Flashcards have long been a great way to study – whether you’re preparing for an exam, learning a new language, or want to memorize the flags of the world. Mental Case is an application for Mac, iPad, and iPhone which takes the concept of flashcards and makes them far more useful than they could ever be on card.
Today we’ll be taking a look at the Mac version of Mental Case. Could it make a big difference to your study? Read on to find out.
I’m sure you’re familiar with the many download managers available for Mac, such as JDownloader, Leech (which we reviewed in 2010) and others. The purpose of most of these apps is to help folks who have multiple downloads keep things neatly organized and packed into one app.
JDownloader even offers a special multi-link capability that lets you paste as many links as you wish into a box and the app will automatically start downloading them in order. This stuff is great for power users, but today I’m going to show you a new app that offers the same capability in a more simple manner, it’s called SpeedTao.
While it’s no secret that iBooks hasn’t been a runaway success as Apple had hoped, the company is trying their hand at revolutionizing the book industry once more -but this time they’ve shifted their efforts towards the education market. Along with the new iBooks 2, Apple introduced iBooks Author, their simplistic, yet feature-rich solution for creating textbooks, cookbooks, and just about any other kind of book, for the iPad.
In making the app both user-friendly and free, Apple is clearly striving to make publishing available “for the rest of us”. Although the app is free, many will argue that the price of staying within the Apple ecosystem is too high for the budding author. So do the benefits outweigh the negatives? Read on.
A big part of design is inspiration. Graphic and web designers don’t work in a vacuum, they browse around to see what’s come before, and use other designs as references and starting points. Collecting these little pieces of inspiration and reference can quickly crowd your browser’s bookmark folder or your computer’s pictures folder, so the developers of Sparkbox sought to create an easy tool for capturing and organizing these images. Let’s find out if Sparkbox can really help organize your digital inspiration!
A journal is a great tool for keeping track of daily happenings and the start of a new year is a great time to begin your new journal. Whether you are tracking progress toward achieving those resolutions you’ve just made, chronicling the important milestones in your life, or simply creating a dialog with yourself, a good journaling application will be your constant companion throughout the year.That’s why it is important to select the best option for your needs.
There are a lot of choices in this growing category. Today we are going to take a look at one of the venerable Mac-based journaling programs, MacJournal from Mariner Software. Version 6.0 was released recently, and I’ll be pointing out the significant new features as we go along. Let’s get started.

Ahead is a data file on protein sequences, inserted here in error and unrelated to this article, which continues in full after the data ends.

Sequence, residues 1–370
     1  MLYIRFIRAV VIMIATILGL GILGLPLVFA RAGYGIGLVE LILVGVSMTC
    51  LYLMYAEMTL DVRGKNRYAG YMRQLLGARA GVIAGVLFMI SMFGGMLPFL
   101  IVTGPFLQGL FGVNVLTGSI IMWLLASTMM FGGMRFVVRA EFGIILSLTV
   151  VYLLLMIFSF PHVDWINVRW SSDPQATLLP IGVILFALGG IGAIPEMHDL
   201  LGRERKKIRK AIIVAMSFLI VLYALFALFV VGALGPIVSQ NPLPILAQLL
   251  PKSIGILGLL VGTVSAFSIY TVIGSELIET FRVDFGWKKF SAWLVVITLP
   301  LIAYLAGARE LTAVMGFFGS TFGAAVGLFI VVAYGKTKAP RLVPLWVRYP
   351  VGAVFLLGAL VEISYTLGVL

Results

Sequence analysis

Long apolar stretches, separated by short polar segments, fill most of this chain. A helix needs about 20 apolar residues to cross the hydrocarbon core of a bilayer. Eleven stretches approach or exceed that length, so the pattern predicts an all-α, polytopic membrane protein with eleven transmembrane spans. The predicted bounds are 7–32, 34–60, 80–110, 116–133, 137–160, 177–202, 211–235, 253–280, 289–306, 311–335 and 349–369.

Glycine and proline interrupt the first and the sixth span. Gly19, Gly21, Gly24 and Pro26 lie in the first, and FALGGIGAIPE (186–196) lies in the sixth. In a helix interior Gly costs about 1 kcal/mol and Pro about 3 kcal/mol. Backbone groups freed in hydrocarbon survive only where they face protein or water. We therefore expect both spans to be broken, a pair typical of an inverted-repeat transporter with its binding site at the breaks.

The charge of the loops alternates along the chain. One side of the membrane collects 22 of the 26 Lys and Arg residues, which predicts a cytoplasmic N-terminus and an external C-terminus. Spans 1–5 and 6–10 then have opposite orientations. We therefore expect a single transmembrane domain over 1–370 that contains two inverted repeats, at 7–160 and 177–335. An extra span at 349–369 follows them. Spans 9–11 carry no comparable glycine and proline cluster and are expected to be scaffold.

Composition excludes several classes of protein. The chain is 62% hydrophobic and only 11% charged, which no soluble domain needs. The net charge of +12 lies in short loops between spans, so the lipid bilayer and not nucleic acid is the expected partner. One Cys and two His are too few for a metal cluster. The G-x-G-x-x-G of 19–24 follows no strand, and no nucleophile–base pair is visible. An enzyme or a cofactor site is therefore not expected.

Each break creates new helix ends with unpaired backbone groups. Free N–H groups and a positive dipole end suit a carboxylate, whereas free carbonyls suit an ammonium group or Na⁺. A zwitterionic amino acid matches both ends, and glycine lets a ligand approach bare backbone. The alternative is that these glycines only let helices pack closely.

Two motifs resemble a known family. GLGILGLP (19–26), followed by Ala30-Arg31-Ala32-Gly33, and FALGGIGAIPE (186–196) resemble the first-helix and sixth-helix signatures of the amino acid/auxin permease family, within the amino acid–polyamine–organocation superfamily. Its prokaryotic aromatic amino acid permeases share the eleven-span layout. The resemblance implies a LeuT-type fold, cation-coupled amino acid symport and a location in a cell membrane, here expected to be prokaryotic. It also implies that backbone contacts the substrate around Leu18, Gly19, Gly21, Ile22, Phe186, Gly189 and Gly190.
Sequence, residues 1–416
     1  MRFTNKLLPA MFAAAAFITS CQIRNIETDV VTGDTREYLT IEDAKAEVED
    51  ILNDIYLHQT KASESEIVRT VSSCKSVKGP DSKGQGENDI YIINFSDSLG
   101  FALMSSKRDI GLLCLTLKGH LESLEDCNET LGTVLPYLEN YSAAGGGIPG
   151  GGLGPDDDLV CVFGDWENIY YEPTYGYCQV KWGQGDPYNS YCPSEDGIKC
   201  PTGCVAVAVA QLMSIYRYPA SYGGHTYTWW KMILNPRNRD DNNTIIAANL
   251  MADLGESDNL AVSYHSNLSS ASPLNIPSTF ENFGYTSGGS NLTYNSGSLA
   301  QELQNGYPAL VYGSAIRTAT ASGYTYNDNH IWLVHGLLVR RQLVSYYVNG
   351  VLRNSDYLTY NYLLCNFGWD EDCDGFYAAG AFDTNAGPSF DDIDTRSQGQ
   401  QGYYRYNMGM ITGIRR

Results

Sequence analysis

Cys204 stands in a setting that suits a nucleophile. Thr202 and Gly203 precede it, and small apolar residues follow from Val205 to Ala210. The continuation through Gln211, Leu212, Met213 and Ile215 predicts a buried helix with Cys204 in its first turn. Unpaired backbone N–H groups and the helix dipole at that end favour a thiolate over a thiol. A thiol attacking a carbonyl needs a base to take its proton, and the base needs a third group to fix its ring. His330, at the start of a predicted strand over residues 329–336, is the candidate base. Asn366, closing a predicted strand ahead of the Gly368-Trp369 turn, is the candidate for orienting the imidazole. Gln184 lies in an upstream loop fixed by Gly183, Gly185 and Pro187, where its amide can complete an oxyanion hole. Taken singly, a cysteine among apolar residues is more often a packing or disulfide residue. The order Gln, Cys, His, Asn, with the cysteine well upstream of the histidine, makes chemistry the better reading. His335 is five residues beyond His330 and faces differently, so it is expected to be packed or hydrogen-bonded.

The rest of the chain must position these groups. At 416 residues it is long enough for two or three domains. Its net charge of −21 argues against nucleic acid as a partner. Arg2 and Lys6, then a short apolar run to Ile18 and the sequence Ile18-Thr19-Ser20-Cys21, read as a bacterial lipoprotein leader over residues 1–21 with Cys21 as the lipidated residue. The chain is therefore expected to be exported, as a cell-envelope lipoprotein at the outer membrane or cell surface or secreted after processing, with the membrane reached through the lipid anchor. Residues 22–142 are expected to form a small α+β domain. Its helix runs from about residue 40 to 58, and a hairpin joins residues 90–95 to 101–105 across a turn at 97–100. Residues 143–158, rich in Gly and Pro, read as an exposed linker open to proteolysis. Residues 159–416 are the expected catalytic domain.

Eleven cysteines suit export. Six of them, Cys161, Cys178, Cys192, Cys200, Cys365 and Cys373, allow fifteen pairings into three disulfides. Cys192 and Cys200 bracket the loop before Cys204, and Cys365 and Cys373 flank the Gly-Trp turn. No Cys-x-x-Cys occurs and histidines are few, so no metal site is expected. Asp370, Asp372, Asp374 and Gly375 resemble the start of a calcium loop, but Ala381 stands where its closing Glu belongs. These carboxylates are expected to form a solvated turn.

Macs have, traditionally anyway, not really found a true home in the business world owing to their lack of support and the limited range of compatible programs available for them. But now, that’s all changing. More and more developers are either releasing dual-versions of their programs (compatible with Windows or Mac) or releasing Mac-only business programs, making Macs much more attractive for use in the workplace.
Checkout is a great example of this. It is a POS (Point-Of-Sale) software package designed exclusively for OS X and allows you to run your retail store quickly and more efficiently. The ease-of-use of the program along with its wealth of features make Checkout a very viable solution to anyone who runs a retail store, whether in the flesh or online. Let’s take a look!
Keeping up with a calendar app is one of those things that I need to do, but am too lazy to do. I could maybe keep it up for a few days, but after that I would feel burnt out and just tired of the whole process of opening an app to write down something that I need to do later.
That’s why I felt that I clearly identified with the slogan of Quickcal, which says, “Don’t let creating an event be an event.” Does that catch your attention as much as it did mine? Then read on!
As fantastic as the Mac OS is, there are plenty of reasons you might want to run Windows from time to time: maybe you need to run some old school XP software for work, or you want to try out some PC games, or (like me) you have to test websites in Internet Explorer.
If you’re going the virtualization route, you can try out the free VirtualBox, but if you’re looking for something more powerful and user-friendly, the two main competitors are Parallels and VMware Fusion. I’ve tried both, and have been happily using VMware Fusion for the year and a half. VMware recently came out with a major update packed with new features, so let’s take a look at what it has to offer.
Are there any folders which you access more often than others? And does it bug you that you have to navigate the folder structure again and again?
True, you can just create an alias on your desktop, but that really looks awful and cluttered after a while. So why not give Desktop Shelves a try? The Mac app lets you access your folder content beautifully and easily directly from your desktop.
Over the past week or so we’ve been on a mission to help you improve the experience of file browsing by introducing you to interesting Finder alternatives. We started with TotalFinder, which boosts your Finder’s natural functionality by adding tabs. We then moved on to Raskin, which dramatically redesigns the entire file browsing process.
Today we’ll wrap up this series with an incredibly useful and unique utility called Default Folder X, which helps you navigate your file structure at lightning speed when saving or opening files.